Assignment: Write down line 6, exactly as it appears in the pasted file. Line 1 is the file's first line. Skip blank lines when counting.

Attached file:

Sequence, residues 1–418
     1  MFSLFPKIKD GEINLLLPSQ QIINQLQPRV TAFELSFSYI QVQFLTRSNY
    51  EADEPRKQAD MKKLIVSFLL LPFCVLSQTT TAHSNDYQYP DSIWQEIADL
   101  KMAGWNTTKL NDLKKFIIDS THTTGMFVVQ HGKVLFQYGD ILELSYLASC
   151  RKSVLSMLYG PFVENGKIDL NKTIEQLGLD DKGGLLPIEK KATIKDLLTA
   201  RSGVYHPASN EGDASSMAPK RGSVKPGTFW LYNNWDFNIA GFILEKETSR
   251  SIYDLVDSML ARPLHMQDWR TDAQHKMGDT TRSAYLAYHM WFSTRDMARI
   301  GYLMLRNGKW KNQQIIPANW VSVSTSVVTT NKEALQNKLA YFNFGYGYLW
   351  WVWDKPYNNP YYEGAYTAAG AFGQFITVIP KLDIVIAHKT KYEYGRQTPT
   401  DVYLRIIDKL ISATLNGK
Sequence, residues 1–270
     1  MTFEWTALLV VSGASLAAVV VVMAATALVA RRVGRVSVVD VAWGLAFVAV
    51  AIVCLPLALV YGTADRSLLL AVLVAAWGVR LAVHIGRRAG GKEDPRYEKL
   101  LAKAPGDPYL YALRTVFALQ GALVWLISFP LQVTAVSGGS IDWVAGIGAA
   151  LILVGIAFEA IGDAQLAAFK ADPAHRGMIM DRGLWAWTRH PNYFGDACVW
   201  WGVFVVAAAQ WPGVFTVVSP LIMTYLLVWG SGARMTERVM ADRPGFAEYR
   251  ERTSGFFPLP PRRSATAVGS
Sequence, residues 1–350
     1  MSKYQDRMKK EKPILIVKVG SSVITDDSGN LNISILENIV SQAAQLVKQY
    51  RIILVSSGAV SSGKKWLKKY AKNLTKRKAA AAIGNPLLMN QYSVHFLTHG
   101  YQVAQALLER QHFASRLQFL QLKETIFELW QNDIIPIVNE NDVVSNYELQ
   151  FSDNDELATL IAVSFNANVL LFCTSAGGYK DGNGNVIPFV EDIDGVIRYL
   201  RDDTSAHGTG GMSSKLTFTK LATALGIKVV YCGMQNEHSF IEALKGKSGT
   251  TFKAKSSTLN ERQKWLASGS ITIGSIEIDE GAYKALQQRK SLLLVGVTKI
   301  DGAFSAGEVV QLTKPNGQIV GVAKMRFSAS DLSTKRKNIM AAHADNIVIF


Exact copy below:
   201  RSGVYHPASN EGDASSMAPK RGSVKPGTFW LYNNWDFNIA GFILEKETSR